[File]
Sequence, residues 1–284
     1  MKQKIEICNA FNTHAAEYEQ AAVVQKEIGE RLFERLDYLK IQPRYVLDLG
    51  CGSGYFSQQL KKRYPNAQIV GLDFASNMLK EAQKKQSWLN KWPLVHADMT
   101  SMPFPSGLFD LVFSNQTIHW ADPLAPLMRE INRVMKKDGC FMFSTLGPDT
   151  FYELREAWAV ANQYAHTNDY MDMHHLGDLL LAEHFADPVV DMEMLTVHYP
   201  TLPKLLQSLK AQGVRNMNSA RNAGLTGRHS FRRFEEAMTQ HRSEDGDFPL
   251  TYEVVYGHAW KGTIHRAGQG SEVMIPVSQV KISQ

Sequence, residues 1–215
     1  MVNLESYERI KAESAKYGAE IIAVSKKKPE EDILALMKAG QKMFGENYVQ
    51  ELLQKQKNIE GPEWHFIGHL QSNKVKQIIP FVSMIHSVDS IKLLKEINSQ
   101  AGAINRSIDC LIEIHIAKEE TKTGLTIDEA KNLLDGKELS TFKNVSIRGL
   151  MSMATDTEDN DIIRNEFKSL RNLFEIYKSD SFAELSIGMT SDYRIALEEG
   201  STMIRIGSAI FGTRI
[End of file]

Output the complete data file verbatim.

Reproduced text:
Sequence, residues 1–284
     1  MKQKIEICNA FNTHAAEYEQ AAVVQKEIGE RLFERLDYLK IQPRYVLDLG
    51  CGSGYFSQQL KKRYPNAQIV GLDFASNMLK EAQKKQSWLN KWPLVHADMT
   101  SMPFPSGLFD LVFSNQTIHW ADPLAPLMRE INRVMKKDGC FMFSTLGPDT
   151  FYELREAWAV ANQYAHTNDY MDMHHLGDLL LAEHFADPVV DMEMLTVHYP
   201  TLPKLLQSLK AQGVRNMNSA RNAGLTGRHS FRRFEEAMTQ HRSEDGDFPL
   251  TYEVVYGHAW KGTIHRAGQG SEVMIPVSQV KISQ

Sequence, residues 1–215
     1  MVNLESYERI KAESAKYGAE IIAVSKKKPE EDILALMKAG QKMFGENYVQ
    51  ELLQKQKNIE GPEWHFIGHL QSNKVKQIIP FVSMIHSVDS IKLLKEINSQ
   101  AGAINRSIDC LIEIHIAKEE TKTGLTIDEA KNLLDGKELS TFKNVSIRGL
   151  MSMATDTEDN DIIRNEFKSL RNLFEIYKSD SFAELSIGMT SDYRIALEEG
   201  STMIRIGSAI FGTRI